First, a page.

TED is a nonprofit devoted to Ideas Worth Spreading.
Our mission: Spreading ideas.Usually.
We believe passionately in the power of ideas to change attitudes, lives and ultimately, the world. So we're building here a clearinghouse that offers free knowledge and inspiration from the world's most inspired thinkers, and also a community of curious souls to engage with ideas and each other.
Here's an interesting TED talk that - almost uniquely as far as I can tell - was not deemed an Idea Worth Spreading. In fact they declined to make the video available - only bootlegs are available.
See the accompanying slides here. No. 8 is good: as millionaires' taxes plummet, unemployment rises - despite the plutocrats' claims that freedom from taxes creates jobs. No 10 demonstrates that while wages have dropped considerably, unemployment has risen - despite Tory Chancellor Lamont's claim that unemployment is 'a price worth paying'. Capitalists say that minimum wages prevent people being employed - but actually it inserts a floor which keeps a bit of cash in the economy.
Why ever not? The format's right: a billionaire enthusiastically outlining his big idea for fixing the economy. Exactly the kind of thing TED usually likes.
Not this time. Because Nick Hanauer is a RENEGADE! He's a billionaire who dared tell TED's sugar-daddies that billionaires don't create jobs. Even more devastatingly, he makes the simple (and to me very familiar argument) that high wages = healthy economy. But don't take my word for it. Henry Ford was a very rightwing and rapacious capitalist - but he realised that for American workers to afford his cars, they had to be paid well. Modern capitalism, as you'll all know because it's happening to all of us - operates on the basis of relentless cutting wages to inflate profit margins. Money that would have gone into wage packets and thence into the economy is diverted to a tiny group of managers and shareholders.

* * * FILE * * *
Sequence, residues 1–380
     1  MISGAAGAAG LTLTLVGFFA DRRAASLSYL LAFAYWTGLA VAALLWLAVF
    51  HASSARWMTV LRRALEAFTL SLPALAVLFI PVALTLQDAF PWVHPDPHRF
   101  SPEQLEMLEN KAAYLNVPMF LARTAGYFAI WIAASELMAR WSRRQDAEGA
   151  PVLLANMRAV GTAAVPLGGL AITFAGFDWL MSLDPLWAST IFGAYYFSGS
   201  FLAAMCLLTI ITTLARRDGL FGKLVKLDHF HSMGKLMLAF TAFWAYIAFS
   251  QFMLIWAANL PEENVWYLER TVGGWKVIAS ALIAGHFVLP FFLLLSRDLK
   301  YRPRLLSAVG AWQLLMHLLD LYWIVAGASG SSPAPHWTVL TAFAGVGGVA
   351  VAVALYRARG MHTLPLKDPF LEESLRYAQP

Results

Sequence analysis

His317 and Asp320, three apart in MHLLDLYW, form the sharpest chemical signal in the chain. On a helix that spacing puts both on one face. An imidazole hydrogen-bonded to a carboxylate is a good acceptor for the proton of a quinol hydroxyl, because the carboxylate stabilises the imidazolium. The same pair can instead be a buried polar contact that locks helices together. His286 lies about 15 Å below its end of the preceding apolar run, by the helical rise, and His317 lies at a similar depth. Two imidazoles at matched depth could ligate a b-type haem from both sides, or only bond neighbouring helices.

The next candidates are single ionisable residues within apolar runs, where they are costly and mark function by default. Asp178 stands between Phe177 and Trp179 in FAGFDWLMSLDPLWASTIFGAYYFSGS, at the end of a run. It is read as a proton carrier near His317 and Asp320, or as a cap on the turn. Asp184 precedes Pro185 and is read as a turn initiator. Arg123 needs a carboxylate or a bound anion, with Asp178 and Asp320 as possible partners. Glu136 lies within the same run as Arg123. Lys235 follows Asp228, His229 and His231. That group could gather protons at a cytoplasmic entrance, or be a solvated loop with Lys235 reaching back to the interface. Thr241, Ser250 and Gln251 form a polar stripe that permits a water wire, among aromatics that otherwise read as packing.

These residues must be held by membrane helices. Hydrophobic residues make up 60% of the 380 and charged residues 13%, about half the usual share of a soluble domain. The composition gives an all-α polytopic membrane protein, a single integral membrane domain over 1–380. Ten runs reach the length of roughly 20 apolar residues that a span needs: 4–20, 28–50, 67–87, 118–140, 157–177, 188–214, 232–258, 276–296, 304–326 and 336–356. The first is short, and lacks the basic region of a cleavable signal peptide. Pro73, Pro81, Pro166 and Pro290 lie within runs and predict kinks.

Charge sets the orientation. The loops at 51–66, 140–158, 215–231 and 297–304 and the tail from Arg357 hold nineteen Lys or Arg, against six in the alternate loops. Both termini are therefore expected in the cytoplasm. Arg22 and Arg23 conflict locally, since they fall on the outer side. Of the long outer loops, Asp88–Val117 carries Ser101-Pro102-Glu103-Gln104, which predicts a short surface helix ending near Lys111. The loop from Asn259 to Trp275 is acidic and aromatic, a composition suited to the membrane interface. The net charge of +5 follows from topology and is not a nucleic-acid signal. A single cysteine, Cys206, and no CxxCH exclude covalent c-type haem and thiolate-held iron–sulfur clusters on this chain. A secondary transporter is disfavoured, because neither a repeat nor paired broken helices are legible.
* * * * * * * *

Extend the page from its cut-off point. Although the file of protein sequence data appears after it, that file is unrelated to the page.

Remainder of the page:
It's really simple: a bit more money in millions of pockets helps the economy a lot more than a lot more money in a few pockets. Even Tory Simon Jenkins agrees: he says it may be time for 'helicopter money': time-limited vouchers sent to everyone in the country rather than pumping £325bn into the banks' coffers. I agree with him. I'd stipulate that it could only be spent on goods made at home, to stimulate manufacturing. I'd treat myself to a fine tailor-made suit, thus supporting apprentices and craft skills. Or a selection of the smelliest cheeses known to humanity, as long as none of them were made by Alex James who should be hung from the nearest lamp-post by the Cotswolds peasantry.
They keep it offshore away from the tax man, or invest it in property: nothing that helps the economy. The idea is that if we don't cut wages ('brutally', to quote Google's disgusting CEO), jobs will go to China or elsewhere - states which are happy to essentially enslave their workers. That's how capitalism works: it encourages us to see fellow workers in other countries as competitors to be undercut in a race to the bottom. But the Chinese government doesn't agree. As export demand slumps, it's realising that domestic demand is the only thing which can fill the gap - and that requires decent wages.
Clearly TED's mission is to think the unthinkable… until its sponsors' ideological hegemony is challenged. TED really is just a rich man's plaything with little to add other than tired old technodeterminism. A genuinely open debate welcomes controversy. A fake one shuts it down. This, friends, is a small example of what happens when hegemony is challenged.
New tech, same old tyrants.